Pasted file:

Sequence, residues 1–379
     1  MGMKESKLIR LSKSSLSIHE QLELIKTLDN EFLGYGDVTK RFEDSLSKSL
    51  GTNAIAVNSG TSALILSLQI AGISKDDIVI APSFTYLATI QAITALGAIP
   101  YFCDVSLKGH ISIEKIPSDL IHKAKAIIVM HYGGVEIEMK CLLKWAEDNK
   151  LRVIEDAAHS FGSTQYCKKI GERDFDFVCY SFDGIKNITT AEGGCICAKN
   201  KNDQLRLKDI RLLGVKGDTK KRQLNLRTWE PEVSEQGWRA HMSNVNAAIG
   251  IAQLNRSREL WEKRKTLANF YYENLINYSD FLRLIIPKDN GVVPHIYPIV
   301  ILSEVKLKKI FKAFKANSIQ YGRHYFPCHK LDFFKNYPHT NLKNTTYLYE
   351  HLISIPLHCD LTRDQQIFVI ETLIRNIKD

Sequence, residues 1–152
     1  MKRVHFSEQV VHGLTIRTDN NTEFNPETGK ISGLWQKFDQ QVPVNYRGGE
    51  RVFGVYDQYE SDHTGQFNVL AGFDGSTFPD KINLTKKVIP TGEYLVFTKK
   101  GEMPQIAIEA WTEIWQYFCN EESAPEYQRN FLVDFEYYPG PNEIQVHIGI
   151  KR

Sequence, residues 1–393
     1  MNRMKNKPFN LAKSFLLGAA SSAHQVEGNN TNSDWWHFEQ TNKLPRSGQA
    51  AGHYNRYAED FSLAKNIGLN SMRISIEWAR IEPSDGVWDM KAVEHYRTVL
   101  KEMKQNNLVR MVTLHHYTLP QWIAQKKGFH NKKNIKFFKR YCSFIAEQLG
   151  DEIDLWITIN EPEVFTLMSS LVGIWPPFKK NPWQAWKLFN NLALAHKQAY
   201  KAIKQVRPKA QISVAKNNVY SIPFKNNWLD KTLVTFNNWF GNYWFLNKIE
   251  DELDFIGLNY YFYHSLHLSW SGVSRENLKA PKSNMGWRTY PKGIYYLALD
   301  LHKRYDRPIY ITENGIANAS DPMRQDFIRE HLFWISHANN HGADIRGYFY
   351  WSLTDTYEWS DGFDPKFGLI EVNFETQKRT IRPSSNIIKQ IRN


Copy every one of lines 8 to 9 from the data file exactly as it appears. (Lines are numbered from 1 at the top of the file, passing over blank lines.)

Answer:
   301  ILSEVKLKKI FKAFKANSIQ YGRHYFPCHK LDFFKNYPHT NLKNTTYLYE
   351  HLISIPLHCD LTRDQQIFVI ETLIRNIKD